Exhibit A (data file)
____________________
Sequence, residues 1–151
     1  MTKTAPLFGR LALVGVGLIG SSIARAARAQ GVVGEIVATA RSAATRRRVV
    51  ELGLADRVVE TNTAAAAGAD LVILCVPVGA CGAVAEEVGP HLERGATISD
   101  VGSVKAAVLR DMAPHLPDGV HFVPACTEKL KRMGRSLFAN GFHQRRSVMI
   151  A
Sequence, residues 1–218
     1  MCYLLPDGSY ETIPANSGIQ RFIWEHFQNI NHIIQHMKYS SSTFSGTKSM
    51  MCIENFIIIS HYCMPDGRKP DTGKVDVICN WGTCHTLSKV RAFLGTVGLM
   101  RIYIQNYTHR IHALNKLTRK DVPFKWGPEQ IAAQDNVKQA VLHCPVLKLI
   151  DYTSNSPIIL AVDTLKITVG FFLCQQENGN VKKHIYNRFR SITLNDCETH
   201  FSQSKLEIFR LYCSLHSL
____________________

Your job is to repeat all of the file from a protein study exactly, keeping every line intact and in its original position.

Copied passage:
Sequence, residues 1–151
     1  MTKTAPLFGR LALVGVGLIG SSIARAARAQ GVVGEIVATA RSAATRRRVV
    51  ELGLADRVVE TNTAAAAGAD LVILCVPVGA CGAVAEEVGP HLERGATISD
   101  VGSVKAAVLR DMAPHLPDGV HFVPACTEKL KRMGRSLFAN GFHQRRSVMI
   151  A
Sequence, residues 1–218
     1  MCYLLPDGSY ETIPANSGIQ RFIWEHFQNI NHIIQHMKYS SSTFSGTKSM
    51  MCIENFIIIS HYCMPDGRKP DTGKVDVICN WGTCHTLSKV RAFLGTVGLM
   101  RIYIQNYTHR IHALNKLTRK DVPFKWGPEQ IAAQDNVKQA VLHCPVLKLI
   151  DYTSNSPIIL AVDTLKITVG FFLCQQENGN VKKHIYNRFR SITLNDCETH
   201  FSQSKLEIFR LYCSLHSL